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Former N.H. firefighter files lawsuit claiming years of sexual harassment

The former Concord firefighter claims he was sexually harassed for years by coworkers, superiors on his perceived sexual orientation


A Concord Fire Department fire engine.

Concord Fire Department/Facebook

By Paul Feely
The New Hampshire Union Leader

CONCORD, N.H. — A former Concord firefighter alleges he was sexually harassed for years by coworkers and superiors and subjected to remarks on his perceived sexual orientation, according to a lawsuit filed against the city.

Christopher Golomb filed complaints at both the local and state level about being the subject of “gay” jokes “despite the fact that Mr. Golomb is not gay,” according to the filing.

He took his case to the city’s human resources department and the state Human Rights Commission before becoming so uncomfortable with his work environment that he resigned in 2023 after 15 years on the job, according to the suit.

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Golomb filed a charge of discrimination and retaliation with the New Hampshire Human Rights Commission on July 20, 2022, before ultimately resigning from the Concord Fire Department effective Dec. 22, 2023.

” Concord’s complete failure to remedy the discrimination and retaliation to which Mr. Golomb was repeatedly subjected, makes clear that Concord accepted and tolerated discrimination toward Mr. Golomb,” the lawsuit contends.

Golomb sent a statement to the Union Leader Monday through his attorney, Heather Burns of Upton and Hatfield, LLP, saying he is “disappointed that it has come to this point.”

“I had hoped that this matter would have been resolved after my multiple internal complaints to the city,” the statement said.

Asked for comment on the suit, Concord City Solicitor Danielle Pacik said in an email that “the city does not comment on pending litigation, but it will be defending against the claims brought in the lawsuit.”

Golomb’s lawsuit claims discrimination, a hostile work environment and retaliation on the basis of sex under state and federal law.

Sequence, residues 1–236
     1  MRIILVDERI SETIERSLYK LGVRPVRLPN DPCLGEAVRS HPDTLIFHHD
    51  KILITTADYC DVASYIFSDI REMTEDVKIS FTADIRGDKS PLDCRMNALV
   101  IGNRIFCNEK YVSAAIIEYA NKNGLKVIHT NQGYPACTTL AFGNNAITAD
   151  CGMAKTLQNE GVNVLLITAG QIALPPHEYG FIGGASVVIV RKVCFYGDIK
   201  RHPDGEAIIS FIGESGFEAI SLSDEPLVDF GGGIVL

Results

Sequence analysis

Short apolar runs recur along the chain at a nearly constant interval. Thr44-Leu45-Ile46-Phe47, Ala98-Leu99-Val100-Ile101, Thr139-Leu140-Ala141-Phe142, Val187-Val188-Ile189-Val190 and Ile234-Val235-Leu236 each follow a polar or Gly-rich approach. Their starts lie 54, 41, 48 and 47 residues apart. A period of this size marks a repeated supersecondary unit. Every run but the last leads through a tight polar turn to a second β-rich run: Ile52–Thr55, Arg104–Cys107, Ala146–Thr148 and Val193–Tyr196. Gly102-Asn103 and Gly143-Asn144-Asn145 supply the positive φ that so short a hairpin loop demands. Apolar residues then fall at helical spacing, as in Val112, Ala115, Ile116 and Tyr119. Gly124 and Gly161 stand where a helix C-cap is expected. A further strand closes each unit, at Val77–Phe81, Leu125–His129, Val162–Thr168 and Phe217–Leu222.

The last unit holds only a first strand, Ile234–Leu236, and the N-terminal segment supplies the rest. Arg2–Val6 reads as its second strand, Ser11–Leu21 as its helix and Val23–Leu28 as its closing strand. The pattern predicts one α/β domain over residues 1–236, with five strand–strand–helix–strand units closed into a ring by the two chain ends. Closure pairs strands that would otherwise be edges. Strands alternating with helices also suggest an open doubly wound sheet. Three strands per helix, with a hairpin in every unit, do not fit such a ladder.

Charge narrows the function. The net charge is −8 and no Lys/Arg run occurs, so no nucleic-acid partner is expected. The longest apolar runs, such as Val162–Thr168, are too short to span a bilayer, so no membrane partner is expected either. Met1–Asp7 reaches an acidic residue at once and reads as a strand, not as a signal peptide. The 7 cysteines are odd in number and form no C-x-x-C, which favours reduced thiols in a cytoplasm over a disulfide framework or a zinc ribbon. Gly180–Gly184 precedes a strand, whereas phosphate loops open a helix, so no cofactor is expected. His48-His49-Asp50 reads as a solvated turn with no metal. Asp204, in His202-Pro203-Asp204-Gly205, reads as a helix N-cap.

According to the lawsuit, Golomb was moved from Battalion 1 to Battalion 3 in the summer of 2011 and shortly afterward was subjected to “gay” jokes and comments from fellow firefighters.

Comments referencing Golomb’s clothing included “that’s gay” and “those are gay jeans,” according to the suit.

In July 2012, Golomb was transferred to Station 5, where the harassment not only continued but worsened to the point that he told fellow firefighters he would begin “writing down the times that these offensive comments about his presumed sexuality were being made,” the filing states.

On Oct. 22, 2013, the lawsuit alleges, the comments became “particularly harsh,” with one superior allegedly referring to Golomb as a “fag” and “f---ing homo.”

On one occasion, the lawsuit alleges, a firefighter said to a visitor in front of Golomb, “He likes men,” allegedly referring to Golomb.

After Concord fire crews — including Golomb — responded to a generator fire on Jan. 30, 2020, the lawsuit claims one firefighter said to other firefighters at the scene, “Did you see Chris all fired up? He’s in a good mood,” and went on to make a crude reference to sex.

According to court documents, on March 17, 2020, Jennifer Johnston, director of Human Resources and Labor Relations for the city of Concord told Golomb their investigation was complete, saying there was no finding of retaliation or a hostile work environment or any other unlawful actions.

” Concord found that inappropriate behavior which runs counter to its Policy on Non-Discrimination and Sexual Harassment occurred,” the lawsuit alleges. “After the investigation concluded, the sexually harassing, discriminatory and retaliatory conduct toward Mr. Golomb continued.”

Golomb is seeking “lost wages and benefits, future lost wages and benefits, compensatory damages, pain and suffering, loss of enjoyment of life, and attorneys’ fees and costs.”

Asked for comment on the lawsuit, Justin Kantar, president of International Association of Firefighters Local 1045 in Concord said in an email Golomb “left our union as a member in good standing and always had union representation when he requested it or needed it.”

“Unfortunately we have no comment on his lawsuit against the city of Concord,” Kantar said.

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